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UW-Whitewater suspends fraternity for alcohol, hazing violations

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Kayla Bunge
May 14, 2008
— UW-Whitewater has suspended the Tau Kappa Epsilon fraternity for three years after an investigation showed the organization engaged in underage drinking and hazing, university officials said.

The university and the national fraternity organization imposed the suspension Tuesday, following a complaint from a parent last month.


“We do everything we can to ensure students’ safety,” said Mary Beth Mackin, assistant dean of student life. “This is a step we had to take.”


Much of the underage drinking and hazing—including servitude and eating or drinking strange things—occurred during the fraternity’s recruitment process, she said.


But it was the pervasiveness of alcohol within the organization, she said, that concerned university officials.


“It seemed like everything they did there involved alcohol,” Mackin said.


The suspension essentially disbands the Iota-Omicron chapter, founded in 1963, she said. TKE is not allowed to operate in any form over the next three years.


“We just felt that the safety concerns were so significant that we really needed to have this chapter be gone for a while, especially until the current group of members has gone through the university,” Mackin said.


The university chose to involve the national fraternity organization to “send a stronger message to students,” Mackin said.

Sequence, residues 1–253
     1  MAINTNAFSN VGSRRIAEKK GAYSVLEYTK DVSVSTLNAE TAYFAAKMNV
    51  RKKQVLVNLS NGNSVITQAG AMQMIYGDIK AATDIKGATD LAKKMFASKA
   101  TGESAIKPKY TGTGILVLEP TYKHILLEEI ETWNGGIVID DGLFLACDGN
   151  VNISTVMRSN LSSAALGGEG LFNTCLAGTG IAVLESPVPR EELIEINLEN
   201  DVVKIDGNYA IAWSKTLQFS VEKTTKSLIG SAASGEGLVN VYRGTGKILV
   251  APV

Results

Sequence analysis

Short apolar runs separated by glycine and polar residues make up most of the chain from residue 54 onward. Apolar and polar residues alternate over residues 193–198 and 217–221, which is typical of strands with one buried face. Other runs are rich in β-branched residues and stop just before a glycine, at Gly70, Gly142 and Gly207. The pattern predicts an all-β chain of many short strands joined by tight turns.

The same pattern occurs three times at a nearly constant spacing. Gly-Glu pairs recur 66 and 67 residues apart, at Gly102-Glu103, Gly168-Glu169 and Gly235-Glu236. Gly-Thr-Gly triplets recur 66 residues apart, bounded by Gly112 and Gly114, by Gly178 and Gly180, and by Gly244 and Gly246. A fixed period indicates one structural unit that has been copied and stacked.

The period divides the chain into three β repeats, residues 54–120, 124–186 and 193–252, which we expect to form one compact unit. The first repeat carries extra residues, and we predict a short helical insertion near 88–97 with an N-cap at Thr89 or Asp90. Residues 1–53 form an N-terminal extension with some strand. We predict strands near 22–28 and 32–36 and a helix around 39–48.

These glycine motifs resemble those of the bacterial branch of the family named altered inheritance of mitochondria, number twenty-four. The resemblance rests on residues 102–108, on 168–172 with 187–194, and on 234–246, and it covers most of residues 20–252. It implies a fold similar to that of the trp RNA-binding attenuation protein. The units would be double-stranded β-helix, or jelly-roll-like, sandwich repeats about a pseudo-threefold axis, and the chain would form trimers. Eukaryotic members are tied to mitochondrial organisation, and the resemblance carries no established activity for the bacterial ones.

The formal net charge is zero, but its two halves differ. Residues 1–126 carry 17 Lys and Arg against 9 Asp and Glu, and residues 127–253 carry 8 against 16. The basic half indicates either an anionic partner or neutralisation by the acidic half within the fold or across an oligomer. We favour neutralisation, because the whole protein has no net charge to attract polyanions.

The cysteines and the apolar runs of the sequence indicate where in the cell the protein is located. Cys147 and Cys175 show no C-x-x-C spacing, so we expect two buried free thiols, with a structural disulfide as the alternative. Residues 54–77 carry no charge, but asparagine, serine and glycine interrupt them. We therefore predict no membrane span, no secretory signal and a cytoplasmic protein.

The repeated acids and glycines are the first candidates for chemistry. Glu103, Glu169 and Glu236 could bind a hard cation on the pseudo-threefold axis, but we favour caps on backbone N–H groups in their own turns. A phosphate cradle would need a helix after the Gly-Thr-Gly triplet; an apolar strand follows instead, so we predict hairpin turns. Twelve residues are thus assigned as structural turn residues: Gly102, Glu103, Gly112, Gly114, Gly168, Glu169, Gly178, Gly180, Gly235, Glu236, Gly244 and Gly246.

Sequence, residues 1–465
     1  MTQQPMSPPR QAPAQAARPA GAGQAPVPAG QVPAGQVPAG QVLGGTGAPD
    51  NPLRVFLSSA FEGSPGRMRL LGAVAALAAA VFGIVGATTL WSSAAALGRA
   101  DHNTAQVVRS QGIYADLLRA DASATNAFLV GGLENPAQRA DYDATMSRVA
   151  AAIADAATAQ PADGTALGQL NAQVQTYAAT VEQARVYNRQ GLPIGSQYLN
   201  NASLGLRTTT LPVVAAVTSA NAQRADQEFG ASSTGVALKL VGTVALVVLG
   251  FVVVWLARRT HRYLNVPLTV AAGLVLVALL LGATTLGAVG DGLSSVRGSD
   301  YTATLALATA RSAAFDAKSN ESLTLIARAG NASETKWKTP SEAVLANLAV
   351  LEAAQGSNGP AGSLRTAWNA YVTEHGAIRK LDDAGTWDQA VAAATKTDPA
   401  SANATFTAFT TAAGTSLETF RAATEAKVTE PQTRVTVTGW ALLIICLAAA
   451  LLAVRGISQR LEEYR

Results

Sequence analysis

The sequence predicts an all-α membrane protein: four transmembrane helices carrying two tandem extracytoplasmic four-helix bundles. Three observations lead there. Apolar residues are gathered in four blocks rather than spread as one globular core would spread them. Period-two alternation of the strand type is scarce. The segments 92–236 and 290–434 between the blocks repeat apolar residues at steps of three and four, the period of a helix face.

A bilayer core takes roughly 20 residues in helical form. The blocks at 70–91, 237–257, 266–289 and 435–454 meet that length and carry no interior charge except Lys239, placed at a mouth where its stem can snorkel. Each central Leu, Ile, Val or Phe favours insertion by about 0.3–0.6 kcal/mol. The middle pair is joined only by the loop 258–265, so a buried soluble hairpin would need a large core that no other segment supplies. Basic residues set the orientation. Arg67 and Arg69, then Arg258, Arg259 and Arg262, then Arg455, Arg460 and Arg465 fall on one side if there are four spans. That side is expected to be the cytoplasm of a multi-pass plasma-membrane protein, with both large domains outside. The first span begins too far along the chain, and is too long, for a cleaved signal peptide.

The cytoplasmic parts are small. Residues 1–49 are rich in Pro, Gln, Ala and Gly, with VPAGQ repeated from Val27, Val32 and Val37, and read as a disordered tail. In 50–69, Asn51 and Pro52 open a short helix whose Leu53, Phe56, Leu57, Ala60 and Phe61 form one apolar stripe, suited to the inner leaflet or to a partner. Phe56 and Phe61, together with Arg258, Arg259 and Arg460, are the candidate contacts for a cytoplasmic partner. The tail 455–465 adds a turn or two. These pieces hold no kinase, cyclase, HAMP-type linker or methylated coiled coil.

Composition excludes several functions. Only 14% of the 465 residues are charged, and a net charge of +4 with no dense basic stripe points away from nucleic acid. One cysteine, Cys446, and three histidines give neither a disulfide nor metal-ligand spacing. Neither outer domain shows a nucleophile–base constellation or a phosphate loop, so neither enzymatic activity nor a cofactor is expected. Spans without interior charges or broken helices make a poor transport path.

Had the university acted alone and suspended the fraternity as a student organization, TKE simply wouldn’t have been able to advertise its activities on campus or use meeting space on campus.


“But by bringing in the national organization … it prevents them from operating out of the house on campus,” she said.


Chapter President Jason Moore did not return a phone call before press time.


The TKE house at 1238 W. Main St. has been unoccupied since a fire in November caused severe damage. The house is being renovation and would have been ready for students to move in this fall.


Mackin said the owner of the house likely will rent it to other students while the fraternity is suspended.


The fraternity can reapply to become a student organization and be recognized again by the national fraternity organization after Aug. 15, 2011. But the university imposed strict criteria if TKE is reinstated:


-- The chapter and the house must be alcohol-free for two years.


-- The first recruitment will be supervised by the national fraternity organization, and written plans must be approved by the university.


-- The chapter must devote 100 hours of service to alcohol and hazing education on campus.


“We want them off on the right foot,” Mackin said of the conditions of TKE’s return. “It’s hard to get past that history.”



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